„The risks of war present no danger to those who are well prepared for it in advance and who are mindful of their place in the nation's defences. Confusion and panic usually appear wherever there is no adequate organizaton or appropriate leadership at a time of grim trials.“
— Georgy Zhukov Marshal of the Soviet Union 1896 - 1974
„Sometimes I wonder if men and women really suit each other. Perhaps they should live next door and just visit now and then.“
— Katharine Hepburn film, stage, and television actress 1907 - 2003
„It's so overwhelming. It's almost better than winning the lottery, because you worked for it. It's like something you want all your life, but you never thought it would happen, and all of a sudden it did.“
— Ronnie Coleman American bodybuilder 1964
On his reaction being named the top professional bodybuilder in the world — reported in Nancy Kruh (October 3, 1999) "Ronnie Coleman- Nobody messes with this Arlington cop, a.k.a. Mr. Olympia", The Dallas Morning News, p. 1E.
— Aristotle Classical Greek philosopher, student of Plato and founder of Western philosophy -384 - -322 a.C.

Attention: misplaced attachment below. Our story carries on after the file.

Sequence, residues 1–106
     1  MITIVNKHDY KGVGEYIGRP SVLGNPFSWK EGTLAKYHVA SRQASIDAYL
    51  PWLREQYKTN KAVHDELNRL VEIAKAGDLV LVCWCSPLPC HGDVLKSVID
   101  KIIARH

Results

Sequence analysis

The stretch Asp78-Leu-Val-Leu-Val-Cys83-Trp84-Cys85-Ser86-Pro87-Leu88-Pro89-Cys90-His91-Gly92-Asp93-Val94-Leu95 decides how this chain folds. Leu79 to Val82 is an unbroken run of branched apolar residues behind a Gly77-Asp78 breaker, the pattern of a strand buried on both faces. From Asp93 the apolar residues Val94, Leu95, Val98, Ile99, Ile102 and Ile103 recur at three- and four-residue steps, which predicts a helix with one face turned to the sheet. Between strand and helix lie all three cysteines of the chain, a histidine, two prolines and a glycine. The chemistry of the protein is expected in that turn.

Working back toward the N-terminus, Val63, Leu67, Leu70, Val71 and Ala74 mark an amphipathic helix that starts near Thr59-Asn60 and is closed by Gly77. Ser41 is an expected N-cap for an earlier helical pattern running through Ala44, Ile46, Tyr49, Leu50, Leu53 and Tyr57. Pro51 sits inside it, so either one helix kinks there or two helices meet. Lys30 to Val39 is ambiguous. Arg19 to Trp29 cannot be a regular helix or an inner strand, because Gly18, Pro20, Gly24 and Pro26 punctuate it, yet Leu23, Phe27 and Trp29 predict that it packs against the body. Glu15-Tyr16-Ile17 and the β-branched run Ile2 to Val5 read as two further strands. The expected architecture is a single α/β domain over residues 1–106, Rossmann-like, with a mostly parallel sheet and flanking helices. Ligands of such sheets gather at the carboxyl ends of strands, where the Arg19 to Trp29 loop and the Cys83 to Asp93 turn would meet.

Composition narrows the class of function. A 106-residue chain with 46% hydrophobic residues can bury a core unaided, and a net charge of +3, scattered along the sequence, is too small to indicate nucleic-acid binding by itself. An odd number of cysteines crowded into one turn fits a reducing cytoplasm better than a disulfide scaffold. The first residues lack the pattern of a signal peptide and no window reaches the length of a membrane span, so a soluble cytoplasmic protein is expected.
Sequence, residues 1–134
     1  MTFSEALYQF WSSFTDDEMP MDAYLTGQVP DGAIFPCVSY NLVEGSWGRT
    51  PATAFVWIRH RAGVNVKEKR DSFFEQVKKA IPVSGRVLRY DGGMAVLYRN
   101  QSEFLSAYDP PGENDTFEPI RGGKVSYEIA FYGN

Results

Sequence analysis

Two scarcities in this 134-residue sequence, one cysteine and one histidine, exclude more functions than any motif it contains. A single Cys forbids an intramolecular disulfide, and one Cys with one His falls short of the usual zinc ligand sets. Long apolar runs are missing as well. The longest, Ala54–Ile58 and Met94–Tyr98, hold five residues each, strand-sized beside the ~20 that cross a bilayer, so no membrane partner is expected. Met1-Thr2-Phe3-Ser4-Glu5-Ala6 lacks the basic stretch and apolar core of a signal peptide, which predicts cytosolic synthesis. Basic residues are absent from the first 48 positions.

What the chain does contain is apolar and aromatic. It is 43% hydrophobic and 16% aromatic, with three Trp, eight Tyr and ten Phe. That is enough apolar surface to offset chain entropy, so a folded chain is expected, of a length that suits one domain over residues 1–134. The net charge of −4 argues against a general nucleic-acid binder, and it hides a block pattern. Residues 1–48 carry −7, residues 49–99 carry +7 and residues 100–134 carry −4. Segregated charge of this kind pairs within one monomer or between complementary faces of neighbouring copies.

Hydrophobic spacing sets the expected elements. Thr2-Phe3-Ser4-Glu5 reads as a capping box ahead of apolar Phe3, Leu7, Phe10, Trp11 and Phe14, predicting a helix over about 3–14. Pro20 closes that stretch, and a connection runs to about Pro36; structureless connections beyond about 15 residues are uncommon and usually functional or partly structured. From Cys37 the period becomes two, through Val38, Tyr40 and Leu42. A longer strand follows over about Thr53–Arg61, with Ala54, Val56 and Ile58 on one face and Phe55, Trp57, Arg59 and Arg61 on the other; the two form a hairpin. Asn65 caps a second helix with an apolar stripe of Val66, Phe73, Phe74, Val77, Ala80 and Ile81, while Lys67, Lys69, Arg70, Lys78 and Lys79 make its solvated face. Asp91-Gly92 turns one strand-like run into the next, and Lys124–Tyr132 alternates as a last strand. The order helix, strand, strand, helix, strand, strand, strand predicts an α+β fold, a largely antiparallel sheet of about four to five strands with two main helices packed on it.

— Reinhold Niebuhr American protestant theologian 1892 - 1971
— Marshall B. Rosenberg, Nonviolent Communication: A Language of Life
„Darkness cannot drive out darkness: only light can do that. Hate cannot drive out hate: only love can do that.“
— Martin Luther King, Jr., A Testament of Hope: The Essential Writings and Speeches
Context: The ultimate weakness of violence is that it is a descending spiral, begetting the very thing it seeks to destroy. Instead of diminishing evil, it multiplies it. Through violence you may murder the liar, but you cannot murder the lie, nor establish the truth. Through violence you may murder the hater, but you do not murder hate. In fact, violence merely increases hate. So it goes. … Returning hate for hate multiplies hate, adding deeper darkness to a night already devoid of stars. Darkness cannot drive out darkness: only light can do that. Hate cannot drive out hate: only love can do that. 'Where Do We Go From Here?" as published in Where Do We Go from Here : Chaos or Community? (1967), p. 62; many statements in this book, or slight variants of them, were also part of his address Where Do We Go From Here?" which has a section below. A common variant appearing at least as early as 1968 has "Returning violence for violence multiplies violence..." An early version of the speech as published in A Martin Luther King Treasury (1964), p. 173, has : "Returning hate for hate multiplies hate..."